Elizabeth Gurian

Elizabeth Gurian holds a Bachelor of Science in human physiology from Boston University, a Master of Science in criminal justice from Northeastern University, and a doctorate from the University of Cambridge.

Before joining Norwich University, Gurian completed a consultancy for the United Nations Office on Drugs and Crime in Vienna. This project entailed assisting the Division of Policy Analysis and Public Affairs, Statistics and Surveys Section, with research for a planned global report on the crime of intentional homicide. The report provides in-depth analysis of homicide trends at national, regional and global levels.

Gurian is now an associate professor of criminology and criminal justice. She is also the associate director of the School of Criminology and Criminal Justice. She has previously won the Board of Fellows Prize and Dana Category I grants in recognition of her teaching, scholarship and service, and an award for excellence in mentoring at Norwich University.In 2013, she was also awarded the Peggy R. Williams Emerging Professional Award from the Vermont Women in Higher Education.

Her research focuses on multicide (serial and mass) offenders, lone actor terrorists, and mass shooters and was awarded an American Association of University Women publication grant for her work exploring adjudication and outcomes patterns. Her book, “Serial and mass murder: Understanding multicide through offending patterns, explanations, and outcomes” is published through Routledge. She has also discussed her work through such media as BBC Radio, Vermont Public Radio, WCAX-TV, CHannel 3, and The New York Times and CBS podcast, “Why Women Kill.”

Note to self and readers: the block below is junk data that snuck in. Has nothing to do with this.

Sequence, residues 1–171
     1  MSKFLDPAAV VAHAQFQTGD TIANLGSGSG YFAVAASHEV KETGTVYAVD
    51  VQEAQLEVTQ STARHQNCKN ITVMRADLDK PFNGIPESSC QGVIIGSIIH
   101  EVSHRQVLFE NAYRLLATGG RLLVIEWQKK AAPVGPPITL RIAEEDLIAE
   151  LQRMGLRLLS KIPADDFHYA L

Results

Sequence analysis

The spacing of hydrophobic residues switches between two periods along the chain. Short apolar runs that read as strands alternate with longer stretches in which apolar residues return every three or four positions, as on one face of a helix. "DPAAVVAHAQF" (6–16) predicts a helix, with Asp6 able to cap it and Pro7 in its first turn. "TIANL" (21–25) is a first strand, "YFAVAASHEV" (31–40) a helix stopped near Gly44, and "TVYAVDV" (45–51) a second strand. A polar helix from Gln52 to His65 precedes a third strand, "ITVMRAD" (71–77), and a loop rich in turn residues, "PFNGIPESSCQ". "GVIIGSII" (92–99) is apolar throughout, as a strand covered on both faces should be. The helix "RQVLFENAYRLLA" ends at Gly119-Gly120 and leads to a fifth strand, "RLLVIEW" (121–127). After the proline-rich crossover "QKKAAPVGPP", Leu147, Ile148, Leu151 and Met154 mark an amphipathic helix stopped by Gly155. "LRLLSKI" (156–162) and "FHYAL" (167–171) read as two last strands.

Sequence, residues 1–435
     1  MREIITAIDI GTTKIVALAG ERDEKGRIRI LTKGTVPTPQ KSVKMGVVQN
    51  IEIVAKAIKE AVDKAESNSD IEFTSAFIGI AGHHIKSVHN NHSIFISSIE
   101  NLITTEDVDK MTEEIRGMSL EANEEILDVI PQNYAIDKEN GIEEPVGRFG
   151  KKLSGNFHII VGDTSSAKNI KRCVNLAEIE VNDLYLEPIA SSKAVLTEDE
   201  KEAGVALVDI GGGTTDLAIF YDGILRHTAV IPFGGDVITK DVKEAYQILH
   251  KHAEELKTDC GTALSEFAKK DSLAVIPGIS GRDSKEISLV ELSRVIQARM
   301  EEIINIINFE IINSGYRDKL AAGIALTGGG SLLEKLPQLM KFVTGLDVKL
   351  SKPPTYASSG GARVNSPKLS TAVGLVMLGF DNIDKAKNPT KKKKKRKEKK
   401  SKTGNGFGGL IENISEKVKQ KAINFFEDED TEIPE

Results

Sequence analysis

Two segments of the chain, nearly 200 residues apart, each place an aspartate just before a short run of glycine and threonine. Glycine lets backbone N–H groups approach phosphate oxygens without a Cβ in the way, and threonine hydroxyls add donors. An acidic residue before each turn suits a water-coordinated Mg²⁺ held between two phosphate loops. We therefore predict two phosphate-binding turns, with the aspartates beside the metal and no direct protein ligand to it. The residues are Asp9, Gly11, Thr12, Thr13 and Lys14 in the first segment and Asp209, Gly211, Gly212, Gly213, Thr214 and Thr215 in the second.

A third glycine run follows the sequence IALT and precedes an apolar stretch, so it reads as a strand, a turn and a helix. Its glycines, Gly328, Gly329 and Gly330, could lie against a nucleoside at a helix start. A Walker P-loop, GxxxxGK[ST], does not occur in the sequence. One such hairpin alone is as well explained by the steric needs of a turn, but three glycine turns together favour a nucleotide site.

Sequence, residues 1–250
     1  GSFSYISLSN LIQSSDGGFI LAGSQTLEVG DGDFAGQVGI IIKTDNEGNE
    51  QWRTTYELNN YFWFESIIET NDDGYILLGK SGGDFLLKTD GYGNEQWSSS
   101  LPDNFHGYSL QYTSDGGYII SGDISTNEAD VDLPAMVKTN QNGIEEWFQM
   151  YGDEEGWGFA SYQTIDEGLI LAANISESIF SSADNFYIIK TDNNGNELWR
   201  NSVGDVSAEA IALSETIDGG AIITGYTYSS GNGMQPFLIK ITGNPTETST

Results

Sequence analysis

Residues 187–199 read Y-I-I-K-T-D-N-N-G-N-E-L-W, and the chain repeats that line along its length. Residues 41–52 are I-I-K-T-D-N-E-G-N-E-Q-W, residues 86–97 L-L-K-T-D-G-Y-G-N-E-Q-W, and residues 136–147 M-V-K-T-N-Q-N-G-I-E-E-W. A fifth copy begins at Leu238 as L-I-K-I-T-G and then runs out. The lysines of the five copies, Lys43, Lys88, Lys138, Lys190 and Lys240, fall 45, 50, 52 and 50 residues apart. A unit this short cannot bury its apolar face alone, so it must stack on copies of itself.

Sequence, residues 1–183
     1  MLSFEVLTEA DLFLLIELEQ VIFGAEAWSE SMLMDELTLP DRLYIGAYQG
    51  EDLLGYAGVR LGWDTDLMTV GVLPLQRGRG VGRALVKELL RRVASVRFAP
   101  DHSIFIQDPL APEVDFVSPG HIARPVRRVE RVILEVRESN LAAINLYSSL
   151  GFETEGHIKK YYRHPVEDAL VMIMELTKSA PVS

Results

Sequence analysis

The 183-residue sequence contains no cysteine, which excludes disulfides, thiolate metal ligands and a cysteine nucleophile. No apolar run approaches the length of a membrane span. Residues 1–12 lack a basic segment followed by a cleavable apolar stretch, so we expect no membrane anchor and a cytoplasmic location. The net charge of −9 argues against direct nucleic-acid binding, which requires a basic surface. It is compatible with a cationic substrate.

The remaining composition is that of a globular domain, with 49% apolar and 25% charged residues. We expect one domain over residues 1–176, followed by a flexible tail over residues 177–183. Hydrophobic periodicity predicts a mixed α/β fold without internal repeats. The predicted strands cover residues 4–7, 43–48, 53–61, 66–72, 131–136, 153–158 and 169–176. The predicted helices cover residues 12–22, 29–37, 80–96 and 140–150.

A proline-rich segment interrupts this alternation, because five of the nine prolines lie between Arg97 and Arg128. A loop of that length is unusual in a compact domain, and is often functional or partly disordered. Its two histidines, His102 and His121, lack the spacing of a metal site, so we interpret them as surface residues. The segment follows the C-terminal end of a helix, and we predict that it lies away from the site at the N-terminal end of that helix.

Gurian serves on Norwich’s Faculty Development Committee, and she teaches courses on research methods, courts, criminal violence, senior seminar, and the death penalty. When she’s not researching or teaching, she enjoys travel, kayaking, and snow shoeing.

Gurian, E.A., & Woodbury Tease, A. (2020) Shadow and substance: an examination of capital punishment through the lens of the Twilight Zone and Black Mirror. JCJPC, 20(1): 43- 58.

Gurian E.A. (2018). Offending, adjudication, and outcome patterns of solo male, solo female, and partnered mass murderers. International Journal of Offender Therapy and Comparative Criminology, 62(7): 1906-1924.

Gurian, E.A. (2017). Reframing serial murder within empirical research: offending and adjudication patterns of male, female, and partnered serial killers. IJOTCC, 61(5): 544- 560.

Gurian E.A. (2015). Lawyers’ perceptions of female homicide offenders. Violence and Gender, ​2(1): 41-50.

Gurian, E.A. (2013). Explanations of mixed-sex partnered serial homicide: a review of sociological and psychological theory. Aggression and Violent Behavior, 18(5): 520-526.

Me, A., Bisogno, E., Malby, S., Jandl, M., Davis, P., Pysden, C., Rahmonberdiev, U., Reiterer, F., Gurian, E., Vieira, C.M., Aziani, A., Cenci, M., Gibbons, J., Kunnen, S. & Kuttnig, K. (2011). 2011 Global Study on Homicide: Trends, Contexts, Data. United Nations Office of Drugs and Crime: Vienna.

Gurian, E.A. (2011). Female serial murderers: directions for future research on a hidden population. IJOTCC, 55(1): 27-42

Gurian E.A., Kinnamon D.D., Henry J.J., & Waisbren S.E. (2006). Expanded newborn screening for biochemical disorders: the effect of a false-positive result. Pediatrics, 117(6):1915-1921